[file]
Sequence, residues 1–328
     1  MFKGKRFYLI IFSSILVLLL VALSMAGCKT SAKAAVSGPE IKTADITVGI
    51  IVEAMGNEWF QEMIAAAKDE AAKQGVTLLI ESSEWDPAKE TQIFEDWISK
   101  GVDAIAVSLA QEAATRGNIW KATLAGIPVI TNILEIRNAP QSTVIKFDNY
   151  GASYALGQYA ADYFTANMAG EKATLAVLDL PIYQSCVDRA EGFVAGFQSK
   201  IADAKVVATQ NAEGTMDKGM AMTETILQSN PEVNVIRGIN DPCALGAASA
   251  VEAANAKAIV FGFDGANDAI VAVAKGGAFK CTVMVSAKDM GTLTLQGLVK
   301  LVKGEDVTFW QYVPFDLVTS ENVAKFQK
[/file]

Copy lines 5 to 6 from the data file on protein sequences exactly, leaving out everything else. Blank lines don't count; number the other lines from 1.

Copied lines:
   151  GASYALGQYA ADYFTANMAG EKATLAVLDL PIYQSCVDRA EGFVAGFQSK
   201  IADAKVVATQ NAEGTMDKGM AMTETILQSN PEVNVIRGIN DPCALGAASA